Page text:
The Middle District of Pennsylvania recently dismissed a bad faith claim which lacked adequate factual support that an insurance company acted unreasonably in valuing an underinsured motorist claim. In Clarke v. Liberty Mutual Insurance Company and LM General Insurance Company, the Court granted an insurer’s Motion to Dismiss and dismissed the matter without prejudice once it found that the plaintiffs’ complaint did not state a plausible bad faith claim.
The lawsuit arose when the plaintiff, Angela Clarke, was injured in a motor vehicle accident with an underinsured motorist. Angela Clarke and her husband (“Plaintiffs”) settled their claim with the underinsured motorist for the policy limits of $15,000.00 and later sought out additional benefits from Liberty Mutual Insurance Company and LM General Insurance Company (“Defendants”). The Defendants refused to provide the additional benefits because they believed that the Plaintiffs’ claim was not worth more than the amount they already received from the initial settlement. As such, the Plaintiffs alleged that the Defendants breached the terms of their insurance agreement and acted in bad faith in violation of Pennsylvania law, 42 Pa. C.S.A. § 8371.
In response, Defendants moved to dismiss the bad faith claim, arguing that the Plaintiffs’ claims were devoid of any well-pled factual allegations of bad faith and that the complaint only pled a disagreement as to the value of their claim. In siding with the Defendants, the Court determined that the Plaintiffs failed to plead adequate factual mater to support the allegation that Defendants did not act reasonably in valuing the underinsured motorist claim. The Defendants Motion to Dismiss was granted without prejudice and the Plaintiffs were able a further amended complaint to set forth sufficient facts to state a plausible bad faith insurance claim.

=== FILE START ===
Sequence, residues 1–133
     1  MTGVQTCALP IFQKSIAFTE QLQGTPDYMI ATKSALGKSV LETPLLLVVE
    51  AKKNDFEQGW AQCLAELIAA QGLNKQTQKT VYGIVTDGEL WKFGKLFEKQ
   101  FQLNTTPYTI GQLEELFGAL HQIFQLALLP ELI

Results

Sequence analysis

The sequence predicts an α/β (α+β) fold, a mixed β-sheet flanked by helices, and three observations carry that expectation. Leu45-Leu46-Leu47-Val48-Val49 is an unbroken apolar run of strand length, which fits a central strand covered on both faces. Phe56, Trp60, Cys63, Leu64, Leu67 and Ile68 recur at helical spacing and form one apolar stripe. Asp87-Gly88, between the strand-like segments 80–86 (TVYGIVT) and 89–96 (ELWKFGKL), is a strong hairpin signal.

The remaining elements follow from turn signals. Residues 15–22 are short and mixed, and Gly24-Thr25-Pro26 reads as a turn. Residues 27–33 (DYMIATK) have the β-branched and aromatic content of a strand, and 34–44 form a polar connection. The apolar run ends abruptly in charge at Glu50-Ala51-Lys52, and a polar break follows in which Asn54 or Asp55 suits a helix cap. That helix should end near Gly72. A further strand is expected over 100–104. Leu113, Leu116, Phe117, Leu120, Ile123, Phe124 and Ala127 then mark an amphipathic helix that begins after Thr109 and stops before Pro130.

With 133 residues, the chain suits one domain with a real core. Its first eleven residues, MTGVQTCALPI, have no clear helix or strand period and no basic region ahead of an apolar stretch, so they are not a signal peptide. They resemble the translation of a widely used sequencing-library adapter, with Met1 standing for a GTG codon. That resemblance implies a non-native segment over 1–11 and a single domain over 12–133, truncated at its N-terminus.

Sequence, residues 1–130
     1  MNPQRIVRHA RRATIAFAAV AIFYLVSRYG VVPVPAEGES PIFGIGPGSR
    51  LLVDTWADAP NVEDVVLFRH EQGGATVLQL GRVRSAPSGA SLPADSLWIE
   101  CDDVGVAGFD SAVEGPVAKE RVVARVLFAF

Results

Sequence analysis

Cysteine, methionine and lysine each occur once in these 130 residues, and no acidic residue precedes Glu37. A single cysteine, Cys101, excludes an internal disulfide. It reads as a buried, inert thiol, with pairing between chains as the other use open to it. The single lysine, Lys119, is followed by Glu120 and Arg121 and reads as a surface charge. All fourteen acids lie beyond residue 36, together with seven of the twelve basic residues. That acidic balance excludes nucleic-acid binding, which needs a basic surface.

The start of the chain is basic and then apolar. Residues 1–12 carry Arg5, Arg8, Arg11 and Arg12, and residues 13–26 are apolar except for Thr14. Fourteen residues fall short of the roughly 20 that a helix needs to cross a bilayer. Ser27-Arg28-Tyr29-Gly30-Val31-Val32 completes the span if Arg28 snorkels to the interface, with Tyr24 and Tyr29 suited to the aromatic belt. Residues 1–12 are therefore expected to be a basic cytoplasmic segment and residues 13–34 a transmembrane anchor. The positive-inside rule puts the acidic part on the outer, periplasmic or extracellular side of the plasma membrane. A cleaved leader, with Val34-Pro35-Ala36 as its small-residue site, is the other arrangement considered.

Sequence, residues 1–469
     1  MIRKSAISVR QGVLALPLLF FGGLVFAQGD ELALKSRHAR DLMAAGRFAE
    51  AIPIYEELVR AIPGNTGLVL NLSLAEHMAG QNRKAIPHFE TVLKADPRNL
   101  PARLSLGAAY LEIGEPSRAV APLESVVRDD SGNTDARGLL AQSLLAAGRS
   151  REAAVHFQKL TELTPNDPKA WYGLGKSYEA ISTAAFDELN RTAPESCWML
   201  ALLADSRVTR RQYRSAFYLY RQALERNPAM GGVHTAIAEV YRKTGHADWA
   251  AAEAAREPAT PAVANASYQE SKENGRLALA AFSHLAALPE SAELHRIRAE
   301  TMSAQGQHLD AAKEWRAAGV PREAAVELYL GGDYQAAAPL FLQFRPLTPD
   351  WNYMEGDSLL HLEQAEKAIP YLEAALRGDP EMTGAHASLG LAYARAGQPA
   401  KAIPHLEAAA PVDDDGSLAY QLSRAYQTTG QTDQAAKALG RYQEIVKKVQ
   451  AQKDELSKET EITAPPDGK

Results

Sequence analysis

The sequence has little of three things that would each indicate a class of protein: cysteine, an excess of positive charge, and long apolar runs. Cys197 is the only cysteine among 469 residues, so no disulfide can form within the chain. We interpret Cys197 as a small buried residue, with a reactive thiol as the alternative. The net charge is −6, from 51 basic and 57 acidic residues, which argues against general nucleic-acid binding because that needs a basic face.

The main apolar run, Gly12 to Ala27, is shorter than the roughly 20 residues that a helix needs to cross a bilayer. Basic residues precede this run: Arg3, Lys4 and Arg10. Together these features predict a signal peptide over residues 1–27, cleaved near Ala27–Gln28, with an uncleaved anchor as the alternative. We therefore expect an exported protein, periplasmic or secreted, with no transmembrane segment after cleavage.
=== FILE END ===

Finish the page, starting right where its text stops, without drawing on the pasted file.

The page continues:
In reaching its conclusion, the Court reviewed the standard for recovery in a bad faith action which requires a plaintiff to “present clear and convincing evidence (1) that the insurer did not have a reasonable basis for denying benefits under the policy and (2) that the insurer knew of or recklessly disregarded its lack of a reasonable basis.” Rancosky v. Washington Nat’l Ins. Co., 170 A.3d 364, 365 (Pa. 2017). In deciding whether an insurer has a reasonable basis for denying benefits, a court examines the factors the insurer considered in evaluating the claim. The Court explained that “[b]ad faith claims are fact specific and dependent on the conduct of the insurer vis á vis the insured.” The Court noted that, in this case, the Plaintiffs’ claim was simply that that the Defendants acted in bad faith without providing any factual support to establish that claim. Rather, the Court explained, the Plaintiffs would need to provide details as to how the Defendants allegedly acted unreasonably in valuing the claim. The Court also emphasized that, as a general matter, an insurer’s failure to immediately accede to a demand for the policy limit cannot, without more, amount to bad faith. Thus, the Court did not find that the Defendants violated § 8371 and granted their Motion to Dismiss.
Thanks to Zhanna Dubinsky for her contribution to this post. Please email Vito A. Pinto with any questions.